Takeoffs are accelerating. The past few months notwithstanding, we’re seeing a dramatic shift in the demographics of air travel. This presents new challenges for governing bodies in charge of traveler security. The International Air Transport Association has forecasted there will be 8.2 billion air passengers in 2037. This is a doubling since 2018. About 44% of the growth will come from China and India. And while yearly trips per person in developed countries will grow 1-2%, trips will grow 4-8% in developing countries. Of course, rapid air travel growth in any country affects the security of an entire region, or the whole world.
In normal times – but especially now with the need to trace where people have been and who they have been in contact with – nations and border entities need to understand who are the air travelers who cross into their borders. They want to match traveler data against known smugglers, human traffickers, terrorists, or disease carriers, and on top of this, they want to be able to construct their flight history. Given how much information airlines request, and how much identification travelers bring to the airport, one hopes a few matching rules would be enough. But when you study the data, you start to see the data problem that traveler entity resolution presents.
The Data Volume, Variety, and Velocity Problem of Passenger Data
This richness of airline passenger data is part of the problem. Are names and dates-of-birth enough for matching? Passport numbers and citizenship? How similar must two names be to be considered a match? What if a traveler presents his visa to security for one flight and his passport on the next? Flight reservation data has the same challenges and more, because it is older, often by months, and can pass through a family member or traveler agent. How would they handle nicknames, aliases, typos, or phonetic approximations of names written in a different language?
Targeting rules struggle to capture the variety and complexity of this data. Simple rules may miss derogatory matches, or they may return so many hits that they overwhelm targeting teams. Furthermore, without accurate matching of passenger information, the trends in flight history analyses will be meaningless or hard to trust.
Data mastering solves the biggest entity resolution problems
To improve entity resolution in air traveler security, Tamr built an enhancement to the open source Global Traveler Assessment System developed by U.S. Customs and Border Protection. Quoting its GitHub repository, “[GTAS] enables government agencies to automate the identification of high-risk air travelers in advance of their intended travel….The World Customs Organization (WCO) has partnered with U.S. Customs and Border Protection (US-CBP) because of the shared belief that every border security agency should have access to the latest tools. US-CBP has made this repository available to the WCO to facilitate deployment for its member states.”
The Tamr Enhancement to GTAS improves entity resolution in GTAS by applying machine learning matching models trained on demographically representative, global air traveler data. This data included thousands of examples of matching and non-matching pairs of traveler records for Tamr to study.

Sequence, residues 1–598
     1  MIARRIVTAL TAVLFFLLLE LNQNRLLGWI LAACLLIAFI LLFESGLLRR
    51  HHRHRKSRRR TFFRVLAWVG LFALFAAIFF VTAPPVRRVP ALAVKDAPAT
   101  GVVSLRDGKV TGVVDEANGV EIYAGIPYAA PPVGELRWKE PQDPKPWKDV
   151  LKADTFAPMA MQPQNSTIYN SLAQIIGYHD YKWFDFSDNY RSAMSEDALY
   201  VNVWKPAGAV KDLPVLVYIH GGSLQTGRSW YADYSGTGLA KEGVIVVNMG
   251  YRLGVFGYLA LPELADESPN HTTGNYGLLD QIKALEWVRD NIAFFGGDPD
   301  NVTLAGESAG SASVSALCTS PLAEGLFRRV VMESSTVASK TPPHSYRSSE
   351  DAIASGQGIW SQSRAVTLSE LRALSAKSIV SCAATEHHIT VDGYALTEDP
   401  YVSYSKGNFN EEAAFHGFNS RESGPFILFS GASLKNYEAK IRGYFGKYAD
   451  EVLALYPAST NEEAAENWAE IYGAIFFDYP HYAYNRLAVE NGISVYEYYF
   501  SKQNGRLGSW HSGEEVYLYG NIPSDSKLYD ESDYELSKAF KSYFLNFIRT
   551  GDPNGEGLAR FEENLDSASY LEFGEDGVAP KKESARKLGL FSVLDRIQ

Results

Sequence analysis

In tests on international air traveler data, Tamr found 98% of possible derogatory matches. That is, when travelers on a derogatory list made reservations or boarded their flights, GTAS with Tamr flagged 98% of them. GTAS presents these flagged travelers for human review. According to testing, targets using Tamr with GTAS can expect to reject only one false positive for every correct match.
Tamr also examines travelers’ personal information (name, date of birth, citizenship, traveler documents), in order to construct more complete flight histories and better understand the behavior of derogatory travelers. Indeed, when targeters can determine all the aliases, citizenships, and documents for a traveler, then it can better find all of that traveler’s flights, and no one else’s. In tests, 99.7% of Tamr’s traveler history records are correctly grouped, and it finds a traveler’s complete history 95% of the time.
Tamr performs this derogatory matching and history clustering in real time. As soon as GTAS receives a new flight reservation or flight status update, it queries Tamr for the travelers’ derogatory matches and flight history. Tamr responds in seconds.
Deploying Tamr with GTAS
The Tamr software runs on a dedicated server, separate from GTAS, on premises or in the cloud. It has modest system requirements; more powerful hardware improves query response times, the runtime of backend processing jobs, and the amount of traveler history you can store.
Tamr deploys a messaging service to communicate with GTAS, with minimal configuration. Once started, Tamr requires no interaction. It is pre-trained and configured for air traveler data. It automatically synchronizes the derogatory list and traveler entity groups with GTAS.
To get started with Tamr for GTAS, reach out to us at email@example.com. We’ll talk about feature/cost options, server hardware, and deployment.